How market statistics can lie

Ken Fisher, Special to USA TODAY
Posted 7:08 AM ET September 1, 2019 | Updated 9:56 PM ET September 1, 2019


The National Bureau of Economic Research provides that a recession occurs when "a significant decline in economic activity" lasts more than "a few months."

"There are three kinds of lies: lies, cursed lies and statistics."

Mark Twain popularized the quote over a hundred years ago. It couldn't be more true now.

Pundits are still bombarding investors with wild economic and stock market demands backed by charts and data. A lot of it is bunk bed. But it is not difficult to look through it if you are armed with a few simple tricks.

These tricks come from one of my all time favorite books: Darrell Huff's 1954 classic, How to Lie With Statistics . It's humorous, illustrated and non-academic – a great guide to how people torture data to force them to fit their argument. Here are the five most useful nuggets.

1. Beware of statistics from surveys

Surveys are just as good as their representativeness. But most people have inward bias and are not truly representative. Political polls, wrong in so many recent elections, prove this. So do polls of all stripes. As Huff writes, "No conclusion that & # 39; seventy-seven percent of the American people are against & # 39; something should be read without the lingering question. Sixty-five percent of the American people?"

<img itemprop = "url" src = " /11/USATODAY/usatsports/ "alt =" Surveys may not be representative sometimes. [19659012] Polls may not be representative sometimes (Photo: Photo by Joe Raedle / Newsmakers / Getty Images)

2. Don't use "average" at face value

According to the Social Security Administration's 2017 average annual salary for both 2017 was $ 48,251 , 57 and $ 31,561.49. How? Technically, there are different types of averages. The higher number is the arithmetic average. The lower is the median – the middle number, with half the salaries higher and half lower. the average is often skewed by outliers. You can't rate an average until you know what to beat gs it is and how crooked it can hide. Keep this in mind when digesting climate statistics. As Huff showed, Oklahoma City's average temperature from 1890 – 1952 was cool 60.2 degrees – but the temperatures in that window ranged from -17 to 113.

3. Think of the "axis" scam

In economic graphs, the horizontal line or "axis" usually shows dates and the vertical axis shows quantity or size. It is easy to do something that looks wilder than reality just by stretching the vertical axis scale or skipping a whole section of it. In 2014, some did this with Dow to make this year's market movement look like the run-up to the crash in 1929. It went viral – scaring many. Properly engraved, the two periods looked nothing alike. Blatant fear-mongering, lying with charts.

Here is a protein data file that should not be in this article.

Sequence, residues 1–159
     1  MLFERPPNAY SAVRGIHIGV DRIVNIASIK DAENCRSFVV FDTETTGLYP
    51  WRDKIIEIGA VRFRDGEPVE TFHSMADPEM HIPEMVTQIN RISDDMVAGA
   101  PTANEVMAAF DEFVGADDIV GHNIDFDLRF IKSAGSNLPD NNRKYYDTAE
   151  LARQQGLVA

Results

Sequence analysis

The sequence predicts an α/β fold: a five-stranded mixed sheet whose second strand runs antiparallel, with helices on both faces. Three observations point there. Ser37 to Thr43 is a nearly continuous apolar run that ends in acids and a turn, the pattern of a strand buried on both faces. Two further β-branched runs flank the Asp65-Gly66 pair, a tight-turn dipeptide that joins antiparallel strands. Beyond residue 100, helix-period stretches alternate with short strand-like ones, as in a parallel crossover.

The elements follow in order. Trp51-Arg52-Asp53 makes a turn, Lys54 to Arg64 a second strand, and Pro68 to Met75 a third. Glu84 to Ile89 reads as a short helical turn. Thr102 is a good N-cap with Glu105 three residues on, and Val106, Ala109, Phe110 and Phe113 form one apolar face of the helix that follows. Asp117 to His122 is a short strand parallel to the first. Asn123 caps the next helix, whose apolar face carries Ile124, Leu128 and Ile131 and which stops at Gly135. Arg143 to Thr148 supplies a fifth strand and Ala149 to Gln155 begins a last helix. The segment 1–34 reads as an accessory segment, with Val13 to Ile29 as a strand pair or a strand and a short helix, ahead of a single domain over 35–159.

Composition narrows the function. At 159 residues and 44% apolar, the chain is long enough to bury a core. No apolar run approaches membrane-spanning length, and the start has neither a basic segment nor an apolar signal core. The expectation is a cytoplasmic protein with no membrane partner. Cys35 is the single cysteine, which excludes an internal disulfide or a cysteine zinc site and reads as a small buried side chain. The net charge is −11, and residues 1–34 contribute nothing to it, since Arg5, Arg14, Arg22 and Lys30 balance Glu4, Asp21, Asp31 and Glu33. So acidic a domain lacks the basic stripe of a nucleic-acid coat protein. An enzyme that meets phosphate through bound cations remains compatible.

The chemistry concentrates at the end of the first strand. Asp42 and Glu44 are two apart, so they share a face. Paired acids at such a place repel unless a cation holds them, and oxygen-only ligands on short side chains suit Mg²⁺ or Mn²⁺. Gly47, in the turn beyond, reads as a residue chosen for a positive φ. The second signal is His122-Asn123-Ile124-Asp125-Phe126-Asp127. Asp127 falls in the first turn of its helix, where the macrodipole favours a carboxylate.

How could the next recession feel? workers to be more compassionate

4. Know your profits.

Report an article on company earnings per share? Or is it talking about gross operating margin? Does it discuss returns on assets? Or on equity? As Huff explained, “For example, you can express exactly the same fact by calling it a return on sales, fifteen percent return, $ 10 million, an increase in profits of forty percent (compared to Average 1935-39), or a decrease at sixty percent from last year. “Writers and companies will often choose what is best for their angle.

Be skeptical when reading income reports. . (Photo: Getty Images)

5. No context without causation

As Huff explained, once upon a time, a study showed that non-smokers got better college grades than smokers. But didn't smoking help students get better grades? Or did poor grades drive more people to smoke? Is it just a coincidence? Tyler Vigen's funny website, Spouses Correlations, shows how easy it is to draw false conclusions between two totally unrelated things. Did you know that annual cheese consumption per capita corresponds to the number of people who died from tangled bedding? Or that US chicken consumption correlates with oil imports? People pull similar stunts with market data every day. This is where we get seasonal myths.

For more, get the book.

It is cheap and an airy 144 pages. 401 (k) will thank you.

Ken Fisher is the founder and executive chairman of Fisher Investments, author of 11 books, four of which were New York Times bestsellers, and is No. 200 on the Forbes 400 list of wealthiest Americans. Follow him on Twitter: @KennethLFisher

The views and opinions expressed in this column are not the author's and do not necessarily reflect those of the United States TODAY.

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